Both the wheel and eagle graphic lighting are linked and without the bundled software installed these are lit only with an RGB breathing or blending mode (it’s actually called Neon mode). The light starts of dark blue blending to purple, then pink, red, orange, yellow, green, turquoise and then back to dark blue.

This colour change is not a direct change from one colour to another it is a continual blending through various shades from one colour to the next with a cycle of dark blue to dark blue taking approximately 20 seconds.



DPI settings.
The default DPI settings have previously been discussed. Within the HAVIT software each of the 7 default presets can be manually adjusted in increments of 100 and can be set anywhere between 100 DPI and 12000 DPI.


Unfortunately the settings have to be set with very inaccurate slider bars and can not be set by inputting a numeric figure. This wouldn’t be so bad, but the software window is stuck at 768×1280 making accuracy even on a 1600×900 screen impossible. (This is made slightly worse by the fact the click detection boxes on all sliders are way off, even in the lighting setting options trying to be accurate often takes several attempts).

Honestly, I changed the first default DPI setting (500 DPI) and after 5 minutes of trying to set it back to 500 DPI the closest I managed to get was 700DPI. In the end, I had to cancel the changes that I had made to get the default setting back to 500DPI. Why a manually typed numerical input could not be used, is beyond me).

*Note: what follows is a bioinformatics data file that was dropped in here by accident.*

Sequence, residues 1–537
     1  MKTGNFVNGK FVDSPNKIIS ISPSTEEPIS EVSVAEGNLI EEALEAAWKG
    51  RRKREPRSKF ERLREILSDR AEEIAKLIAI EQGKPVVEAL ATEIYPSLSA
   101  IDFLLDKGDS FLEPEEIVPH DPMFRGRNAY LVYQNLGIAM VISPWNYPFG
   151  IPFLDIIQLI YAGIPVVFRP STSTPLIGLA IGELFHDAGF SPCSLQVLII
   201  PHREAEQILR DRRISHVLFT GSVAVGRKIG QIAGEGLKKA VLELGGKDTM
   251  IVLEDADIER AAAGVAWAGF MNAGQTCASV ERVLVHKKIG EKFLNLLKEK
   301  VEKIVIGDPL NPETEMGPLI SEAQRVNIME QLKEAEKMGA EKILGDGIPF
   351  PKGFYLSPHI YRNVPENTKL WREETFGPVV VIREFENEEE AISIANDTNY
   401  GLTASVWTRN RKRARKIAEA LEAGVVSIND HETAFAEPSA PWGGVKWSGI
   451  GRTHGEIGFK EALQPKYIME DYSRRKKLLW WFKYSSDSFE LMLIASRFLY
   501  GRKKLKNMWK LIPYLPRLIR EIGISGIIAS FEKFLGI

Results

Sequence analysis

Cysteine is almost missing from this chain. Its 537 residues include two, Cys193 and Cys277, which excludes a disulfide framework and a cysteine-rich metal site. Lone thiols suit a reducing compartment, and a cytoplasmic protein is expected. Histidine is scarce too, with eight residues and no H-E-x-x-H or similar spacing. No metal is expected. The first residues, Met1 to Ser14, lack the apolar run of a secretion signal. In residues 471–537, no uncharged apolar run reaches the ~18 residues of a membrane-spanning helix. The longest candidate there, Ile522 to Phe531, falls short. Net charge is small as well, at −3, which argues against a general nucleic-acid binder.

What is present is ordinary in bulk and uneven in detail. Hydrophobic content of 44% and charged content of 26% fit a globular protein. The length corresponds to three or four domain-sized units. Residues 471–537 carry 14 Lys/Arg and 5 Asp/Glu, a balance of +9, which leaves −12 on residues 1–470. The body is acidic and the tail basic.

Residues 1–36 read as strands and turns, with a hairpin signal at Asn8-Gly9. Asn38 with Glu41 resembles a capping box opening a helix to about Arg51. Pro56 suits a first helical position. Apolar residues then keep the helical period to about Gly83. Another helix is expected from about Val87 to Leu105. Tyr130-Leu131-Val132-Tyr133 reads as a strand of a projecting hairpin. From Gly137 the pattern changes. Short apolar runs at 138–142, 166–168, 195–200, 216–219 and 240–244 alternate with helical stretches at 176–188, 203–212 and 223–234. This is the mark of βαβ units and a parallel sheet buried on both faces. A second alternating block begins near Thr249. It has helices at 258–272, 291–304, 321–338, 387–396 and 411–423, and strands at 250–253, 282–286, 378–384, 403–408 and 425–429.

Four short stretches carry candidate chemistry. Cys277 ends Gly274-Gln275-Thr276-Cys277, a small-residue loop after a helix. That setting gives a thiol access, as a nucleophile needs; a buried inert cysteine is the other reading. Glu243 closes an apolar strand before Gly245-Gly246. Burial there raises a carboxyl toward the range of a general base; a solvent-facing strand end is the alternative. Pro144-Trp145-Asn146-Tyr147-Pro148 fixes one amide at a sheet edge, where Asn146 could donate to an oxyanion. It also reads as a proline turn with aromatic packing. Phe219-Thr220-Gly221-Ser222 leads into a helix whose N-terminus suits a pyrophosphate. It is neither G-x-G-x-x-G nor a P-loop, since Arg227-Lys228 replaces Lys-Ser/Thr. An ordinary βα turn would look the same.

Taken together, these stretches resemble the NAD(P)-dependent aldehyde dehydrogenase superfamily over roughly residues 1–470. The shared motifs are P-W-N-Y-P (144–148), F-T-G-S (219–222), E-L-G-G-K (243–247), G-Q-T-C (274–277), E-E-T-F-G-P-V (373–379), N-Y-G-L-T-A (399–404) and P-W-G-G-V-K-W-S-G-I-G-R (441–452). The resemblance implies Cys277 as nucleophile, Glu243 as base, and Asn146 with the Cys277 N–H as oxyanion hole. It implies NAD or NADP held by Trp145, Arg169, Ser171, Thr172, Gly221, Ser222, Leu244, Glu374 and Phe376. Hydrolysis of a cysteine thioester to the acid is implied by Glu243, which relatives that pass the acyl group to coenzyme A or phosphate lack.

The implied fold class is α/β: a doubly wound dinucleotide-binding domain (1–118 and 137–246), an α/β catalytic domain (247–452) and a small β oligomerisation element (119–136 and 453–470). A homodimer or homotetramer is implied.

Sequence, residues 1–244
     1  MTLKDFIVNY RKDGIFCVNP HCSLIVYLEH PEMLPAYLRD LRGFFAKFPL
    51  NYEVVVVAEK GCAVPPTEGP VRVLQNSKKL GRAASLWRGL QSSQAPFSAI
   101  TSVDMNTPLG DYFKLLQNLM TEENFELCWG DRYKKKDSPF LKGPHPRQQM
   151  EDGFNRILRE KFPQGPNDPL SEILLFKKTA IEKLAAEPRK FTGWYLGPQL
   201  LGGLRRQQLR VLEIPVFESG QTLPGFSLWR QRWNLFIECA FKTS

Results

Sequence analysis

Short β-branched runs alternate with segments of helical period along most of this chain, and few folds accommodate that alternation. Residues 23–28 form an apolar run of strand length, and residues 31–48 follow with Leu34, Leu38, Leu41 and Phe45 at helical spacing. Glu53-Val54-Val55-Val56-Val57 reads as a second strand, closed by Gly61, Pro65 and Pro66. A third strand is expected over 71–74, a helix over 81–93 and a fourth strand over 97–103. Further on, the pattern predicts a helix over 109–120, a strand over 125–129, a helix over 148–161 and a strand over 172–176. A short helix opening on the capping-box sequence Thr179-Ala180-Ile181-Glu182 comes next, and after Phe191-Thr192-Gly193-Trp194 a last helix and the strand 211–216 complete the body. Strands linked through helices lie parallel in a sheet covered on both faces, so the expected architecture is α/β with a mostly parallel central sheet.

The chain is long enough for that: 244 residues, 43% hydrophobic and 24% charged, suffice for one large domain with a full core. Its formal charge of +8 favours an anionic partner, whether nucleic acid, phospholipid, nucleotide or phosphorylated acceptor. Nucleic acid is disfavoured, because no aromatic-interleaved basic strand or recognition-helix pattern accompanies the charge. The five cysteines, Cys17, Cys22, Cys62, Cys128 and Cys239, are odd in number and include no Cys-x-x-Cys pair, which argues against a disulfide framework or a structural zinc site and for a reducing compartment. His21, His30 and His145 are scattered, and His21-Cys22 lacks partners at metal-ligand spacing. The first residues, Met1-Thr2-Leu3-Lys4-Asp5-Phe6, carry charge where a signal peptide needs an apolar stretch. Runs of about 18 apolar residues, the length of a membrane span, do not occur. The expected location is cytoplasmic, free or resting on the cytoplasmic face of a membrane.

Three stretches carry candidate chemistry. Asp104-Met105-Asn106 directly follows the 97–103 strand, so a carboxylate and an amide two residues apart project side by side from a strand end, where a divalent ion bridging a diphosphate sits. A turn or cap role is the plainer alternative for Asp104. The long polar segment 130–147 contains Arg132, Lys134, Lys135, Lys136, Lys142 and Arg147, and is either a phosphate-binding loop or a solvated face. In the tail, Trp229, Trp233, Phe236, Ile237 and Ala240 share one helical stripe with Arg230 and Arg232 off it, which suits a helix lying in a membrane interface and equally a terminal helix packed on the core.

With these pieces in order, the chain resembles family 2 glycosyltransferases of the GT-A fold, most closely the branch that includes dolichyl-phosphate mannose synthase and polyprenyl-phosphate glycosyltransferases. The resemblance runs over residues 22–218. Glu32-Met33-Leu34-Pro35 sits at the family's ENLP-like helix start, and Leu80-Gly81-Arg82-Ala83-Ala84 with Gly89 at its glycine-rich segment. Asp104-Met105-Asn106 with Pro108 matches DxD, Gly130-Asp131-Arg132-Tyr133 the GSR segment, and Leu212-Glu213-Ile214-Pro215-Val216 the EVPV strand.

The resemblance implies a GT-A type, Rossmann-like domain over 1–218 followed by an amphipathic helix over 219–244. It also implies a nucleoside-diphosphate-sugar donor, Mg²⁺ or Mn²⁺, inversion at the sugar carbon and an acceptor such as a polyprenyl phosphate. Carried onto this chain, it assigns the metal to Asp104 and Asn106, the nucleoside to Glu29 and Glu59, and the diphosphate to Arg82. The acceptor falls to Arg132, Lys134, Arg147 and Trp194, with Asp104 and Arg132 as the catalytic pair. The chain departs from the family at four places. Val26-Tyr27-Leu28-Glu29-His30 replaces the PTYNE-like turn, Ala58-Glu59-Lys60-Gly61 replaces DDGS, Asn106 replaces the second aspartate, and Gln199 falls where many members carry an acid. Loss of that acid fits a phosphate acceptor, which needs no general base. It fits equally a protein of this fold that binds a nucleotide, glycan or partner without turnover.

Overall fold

Lighting settings.
The lighting settings are sadly a little confusing and it took me a few minutes to work it out so I shall describe in-depth the available options and how to properly use them. It should be noted that these settings only control the lighting of the mouse wheel as well as the Magic Eagle logo and eagle graphic. The DPI indicator lights are always blue and oddly while the side buttons were lit when not using the bundled software once it has been installed I have not found a way to make them light up again.


The three settings on offer are Standard, Respiration and Neon (which is the default lighting setting and the one you get when no software is installed).

Standard mode has options of 0%, 25%, 50% and 100%. In this mode the light remains on constantly a single solid colour and the percentage selected dictates the brightness of the light. When set to 0% the light is switched off and the difference in brightness between 25% and 100% is…well… not very noticeable if at all. (I will get to how to set the colour desired for this mode shortly).

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Respiratory mode has options of 4s, 5s, 6s, 7s and 8s. This lighting mode is similar to the standard mode with only a single colour being used, however this time the light fades in and out from being on at its highest brightness to being briefly off. The 4s, 5s, 6s, 7s and 8s options dictate how long (in seconds) it takes for the light to go from its highest brightness to being off and then back to its highest brightness once more. (Again I will get to how to set the colour desired for this mode shortly).